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  • Karen Brook

‘We’re Short Tonight!’

There are times in my life -when I don’t want ‘to do’. What I do want is opportunities to sit back and relax. I want to immerse myself in what’s going on around me, listen and soak it all in.... at my leisure. However, if I’m having ‘to do’, I feel compelled to achieve something and that can add more pressure to my day.


Sometimes I want to do a speech because I want to progress in my learning Pathway. However it takes focus to write a speech, practice it over and over and then to deliver it. Life is busy as it is. Other times, I want to sit, switch off from daily life and focus on listening to my fellow toastmasters as they grow in confidence in front of me. Mostly, I usually combine sitting and listening with taking on a meeting role. Partly because of the skills I’m learning from these roles (listening, leadership, presentation and teamwork skills) and partly because the roles are vacant and need to be filled for a successful and entertaining meeting.


Many years ago, I chose to take on the role of Ah Counter for a second time. I rehearsed my introduction on numerous occasions before the meeting, however I was still apprehensive about standing up in front of an audience and delivering just one minute’s worth of words.


At the meeting, before it began, I ran through my introduction inside my head for the umpteenth time. ‘Karen! Can you be our Grammarian tonight!’ exclaimed the Toastmaster of the meeting. ‘I’m the Ah Counter’ I replied nervously. ‘We’re short tonight’ he said. ‘Sometimes the Ah Counter doubles up as the Grammarian. Pick a word of the day that you can explain to us and write it on the flip chart’.


On reflection, the Toastmaster had confidence in my abilities.... although I did not! I wanted to grab my bag, run from the room and go home. I wanted to do one role well, not two roles badly! My mind went into panic mode. I couldn’t even think of a word to use. And my grammar? Let’s put it this way, I spent my time day dreaming in my English lessons!


Finally, I was able to calm down to think of an appropriate word to explain to the audience and for the audience to use the word as often as they could during their speeches. I even remember the word. It was ‘nebulous’. But I was still worried about my Grammarian report, so I focussed on the descriptive language used throughout the meeting, rather than on the grammar. Encouragingly, I received positive feedback for both roles and no one criticised me for not picking up correct/incorrect grammar. I learnt three lessons that night.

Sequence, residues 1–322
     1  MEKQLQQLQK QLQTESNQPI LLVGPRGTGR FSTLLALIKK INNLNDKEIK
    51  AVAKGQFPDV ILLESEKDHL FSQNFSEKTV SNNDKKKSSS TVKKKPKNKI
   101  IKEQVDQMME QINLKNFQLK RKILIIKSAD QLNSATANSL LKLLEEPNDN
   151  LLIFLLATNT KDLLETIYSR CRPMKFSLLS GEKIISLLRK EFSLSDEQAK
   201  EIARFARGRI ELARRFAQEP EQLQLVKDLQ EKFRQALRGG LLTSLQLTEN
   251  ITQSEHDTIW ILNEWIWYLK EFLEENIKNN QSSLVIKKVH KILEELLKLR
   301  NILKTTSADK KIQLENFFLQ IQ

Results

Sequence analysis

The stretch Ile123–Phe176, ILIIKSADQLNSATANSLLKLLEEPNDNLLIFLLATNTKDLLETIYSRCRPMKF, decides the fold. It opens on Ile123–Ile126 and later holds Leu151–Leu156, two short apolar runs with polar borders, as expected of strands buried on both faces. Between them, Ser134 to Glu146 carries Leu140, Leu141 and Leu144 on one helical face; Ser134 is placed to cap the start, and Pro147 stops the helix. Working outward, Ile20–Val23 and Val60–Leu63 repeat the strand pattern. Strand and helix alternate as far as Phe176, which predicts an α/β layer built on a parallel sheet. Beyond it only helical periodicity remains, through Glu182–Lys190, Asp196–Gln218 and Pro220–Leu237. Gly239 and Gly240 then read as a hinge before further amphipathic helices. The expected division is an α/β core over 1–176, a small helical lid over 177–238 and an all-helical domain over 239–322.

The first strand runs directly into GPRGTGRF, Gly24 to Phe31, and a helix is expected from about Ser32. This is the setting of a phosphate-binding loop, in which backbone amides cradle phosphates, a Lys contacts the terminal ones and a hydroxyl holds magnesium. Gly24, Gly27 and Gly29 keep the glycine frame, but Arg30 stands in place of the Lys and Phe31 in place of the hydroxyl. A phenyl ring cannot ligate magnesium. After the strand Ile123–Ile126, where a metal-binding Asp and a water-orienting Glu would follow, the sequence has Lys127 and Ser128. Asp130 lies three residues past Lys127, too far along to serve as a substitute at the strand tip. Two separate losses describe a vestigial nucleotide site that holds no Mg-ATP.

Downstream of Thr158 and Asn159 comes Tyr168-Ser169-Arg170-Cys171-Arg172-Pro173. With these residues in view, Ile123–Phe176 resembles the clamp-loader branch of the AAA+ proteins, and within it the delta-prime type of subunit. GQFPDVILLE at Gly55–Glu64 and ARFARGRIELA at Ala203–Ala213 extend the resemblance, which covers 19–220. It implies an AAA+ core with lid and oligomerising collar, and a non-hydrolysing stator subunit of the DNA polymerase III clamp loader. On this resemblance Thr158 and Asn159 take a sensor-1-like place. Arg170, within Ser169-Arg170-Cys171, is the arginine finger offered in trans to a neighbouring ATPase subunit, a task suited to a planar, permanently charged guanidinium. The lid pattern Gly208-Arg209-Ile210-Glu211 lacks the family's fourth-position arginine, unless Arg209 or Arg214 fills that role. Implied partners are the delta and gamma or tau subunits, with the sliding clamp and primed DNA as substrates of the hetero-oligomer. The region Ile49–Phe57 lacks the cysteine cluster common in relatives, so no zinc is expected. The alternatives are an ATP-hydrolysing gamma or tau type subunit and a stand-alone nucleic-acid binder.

• One, the Toastmaster had confidence in me when I had doubted my ability.


• Two, I felt I was being thrown to the lions, however I had my baptism of fire and felt more confident in handling a similar scenario in the future.


• Three, I really needed to brush up on my grammar!


After the meeting, I decided, it was a good idea to try all the roles, so that I had some experience incase I was called upon to step up at short notice (this can be the case for the experience members of Toastmasters, when a member is unable to attend at short notice). I also didn’t want to become rusty at doing the roles. When life is busy, I can choose one that doesn’t take too much preparation. When I have more time, I take on a more challenging role.


When I became more experienced, I went through a stage of clicking onto the agenda to notify members that I was attending, but waited until shortly before the meeting to ‘mop up’ the last role, giving other members more choice of what role they wanted to do. It wasn’t until I was preparing to host one of the meetings, that I wondered why the roles were not being filled that I realised that maybe several members were doing the same thing as me! I then had a lot of chasing up to do with members to get the agenda filled at short notice!


Meeting roles are opportunities to speak in front of an audience and learn different skills such as listening, planning, unleashing your creativity, leadership and teamwork. And you can have fun and plenty of entertainment doing the roles.


So don’t wait for those words ‘We’re short tonight’! Get your name down early on the agenda for meeting roles -it will save both you and the Toastmaster from pulling your hair out! Be proactive learning new skills and let you be the one, to choose the meeting roles that will benefit and enhance your leadership journey.

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